IHE Fellow inducted into Academy of Community Engagement Scholarship
She was one of nine inducted during a Sept. 30 ceremony at the Engagement Scholarship Consortium Conference held at Penn State University. A professor emerita in the Department of Lifelong Education, Administration, and Policy at UGA, Sandmann serves as editor of the Journal of Higher Education Outreach and Engagement.
In announcing her induction, ACES credited her research, publications, teaching, and leadership as having had “an intense and ongoing influence on the development of some of the early and most widely used theoretical and conceptual frameworks for community engagement.”
ACES members are nominated and selected by the founding members, board of directors, ACES members, and supporting organizations. Nominees from higher education and society at large are elected to membership in honor of their past achievement and future engagement advocacy.
Sandmann’s work has informed the design of many of the most important and effective programs and strategies aimed at enhancing leadership and recognition of engagement and engaged scholarship across all types of academic institutions, according to ACES.
The announcement continues: “Without her research contributions, the field would not be where it is today, especially with regard to the treatment of engaged scholarship in promotion and tenure, the identification of barriers to institutionalization, the professional development of institutional leaders of engagement, the understanding of partnerships, and the design of institutional benchmarking and assessment systems.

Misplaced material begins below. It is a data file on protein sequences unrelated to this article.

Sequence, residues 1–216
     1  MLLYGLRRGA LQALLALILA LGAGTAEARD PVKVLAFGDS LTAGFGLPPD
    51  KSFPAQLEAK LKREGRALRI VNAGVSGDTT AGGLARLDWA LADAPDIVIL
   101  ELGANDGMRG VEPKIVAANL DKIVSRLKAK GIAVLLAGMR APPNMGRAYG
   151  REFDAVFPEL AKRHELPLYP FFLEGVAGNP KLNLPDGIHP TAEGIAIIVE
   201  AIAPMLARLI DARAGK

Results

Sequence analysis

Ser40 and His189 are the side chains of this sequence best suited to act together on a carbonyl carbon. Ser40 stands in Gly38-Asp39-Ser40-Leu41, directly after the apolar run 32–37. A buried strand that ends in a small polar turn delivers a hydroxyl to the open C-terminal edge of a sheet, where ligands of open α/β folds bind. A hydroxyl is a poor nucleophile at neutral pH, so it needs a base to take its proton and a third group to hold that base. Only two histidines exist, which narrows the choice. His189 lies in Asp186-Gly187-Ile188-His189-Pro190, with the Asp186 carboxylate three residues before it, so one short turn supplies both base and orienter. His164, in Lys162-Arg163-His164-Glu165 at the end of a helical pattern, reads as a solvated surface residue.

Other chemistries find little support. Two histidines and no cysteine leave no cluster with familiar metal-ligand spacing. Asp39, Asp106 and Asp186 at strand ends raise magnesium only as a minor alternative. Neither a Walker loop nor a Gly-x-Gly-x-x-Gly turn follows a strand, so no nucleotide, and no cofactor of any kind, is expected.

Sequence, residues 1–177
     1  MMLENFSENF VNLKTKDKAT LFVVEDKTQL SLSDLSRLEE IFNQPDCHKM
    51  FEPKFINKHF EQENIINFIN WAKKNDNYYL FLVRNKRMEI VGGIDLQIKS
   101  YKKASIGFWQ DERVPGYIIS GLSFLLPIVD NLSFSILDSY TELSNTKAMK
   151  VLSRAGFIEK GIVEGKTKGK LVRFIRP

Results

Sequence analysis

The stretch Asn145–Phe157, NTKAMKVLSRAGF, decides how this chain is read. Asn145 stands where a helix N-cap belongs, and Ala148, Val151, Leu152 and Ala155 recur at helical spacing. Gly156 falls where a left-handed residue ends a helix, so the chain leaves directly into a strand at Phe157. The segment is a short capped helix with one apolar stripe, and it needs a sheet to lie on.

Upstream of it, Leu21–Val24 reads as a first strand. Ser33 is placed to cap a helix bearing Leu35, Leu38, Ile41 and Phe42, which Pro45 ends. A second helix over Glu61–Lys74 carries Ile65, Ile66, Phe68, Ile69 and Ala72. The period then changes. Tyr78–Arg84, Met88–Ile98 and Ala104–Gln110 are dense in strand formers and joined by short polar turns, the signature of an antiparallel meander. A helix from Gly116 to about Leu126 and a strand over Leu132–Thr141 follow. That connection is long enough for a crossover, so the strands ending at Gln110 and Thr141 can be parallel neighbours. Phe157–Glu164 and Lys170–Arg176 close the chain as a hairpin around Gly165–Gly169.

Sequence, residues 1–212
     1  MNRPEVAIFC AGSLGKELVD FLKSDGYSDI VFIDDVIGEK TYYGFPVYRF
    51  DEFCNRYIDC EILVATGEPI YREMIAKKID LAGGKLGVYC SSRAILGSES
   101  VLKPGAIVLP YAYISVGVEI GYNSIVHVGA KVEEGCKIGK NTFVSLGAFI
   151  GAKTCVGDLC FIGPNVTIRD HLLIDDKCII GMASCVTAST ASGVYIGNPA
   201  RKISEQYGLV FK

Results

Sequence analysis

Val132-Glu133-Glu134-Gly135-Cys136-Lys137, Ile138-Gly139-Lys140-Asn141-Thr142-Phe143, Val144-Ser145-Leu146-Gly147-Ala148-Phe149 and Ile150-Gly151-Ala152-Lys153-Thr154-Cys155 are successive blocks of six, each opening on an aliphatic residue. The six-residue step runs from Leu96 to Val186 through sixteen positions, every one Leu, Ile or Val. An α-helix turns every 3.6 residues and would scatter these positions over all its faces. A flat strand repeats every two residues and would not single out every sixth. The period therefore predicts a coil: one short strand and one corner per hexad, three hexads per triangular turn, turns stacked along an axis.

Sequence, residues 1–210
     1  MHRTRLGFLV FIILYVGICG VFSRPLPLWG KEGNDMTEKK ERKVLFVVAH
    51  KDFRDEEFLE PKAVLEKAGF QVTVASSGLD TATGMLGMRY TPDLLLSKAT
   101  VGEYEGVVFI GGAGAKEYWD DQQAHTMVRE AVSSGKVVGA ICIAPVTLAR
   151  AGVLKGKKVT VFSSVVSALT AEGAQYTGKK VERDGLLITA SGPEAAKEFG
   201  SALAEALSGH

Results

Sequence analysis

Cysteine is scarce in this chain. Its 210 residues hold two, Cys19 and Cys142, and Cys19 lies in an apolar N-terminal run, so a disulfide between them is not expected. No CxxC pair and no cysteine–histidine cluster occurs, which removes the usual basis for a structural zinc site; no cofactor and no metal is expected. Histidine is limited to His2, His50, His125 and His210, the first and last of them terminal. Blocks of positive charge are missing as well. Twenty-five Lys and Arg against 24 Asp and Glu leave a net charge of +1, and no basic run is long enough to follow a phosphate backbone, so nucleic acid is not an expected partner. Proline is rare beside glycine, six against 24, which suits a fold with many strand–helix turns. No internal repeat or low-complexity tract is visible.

“Her use of theory, development of conceptual frameworks, leadership voice, and insights are evident in the design of the National Review Board for the Scholarship of Engagement, the Emerging Engagement Scholars Workshop, the Engaged Scholars Academy, the Academy of Community Engagement Scholarship, and the Carnegie Elective Classification. While these activities were certainly not her sole creation, it is notable that her scholarly work and expertise were essential, informing elements to their design and implementation.”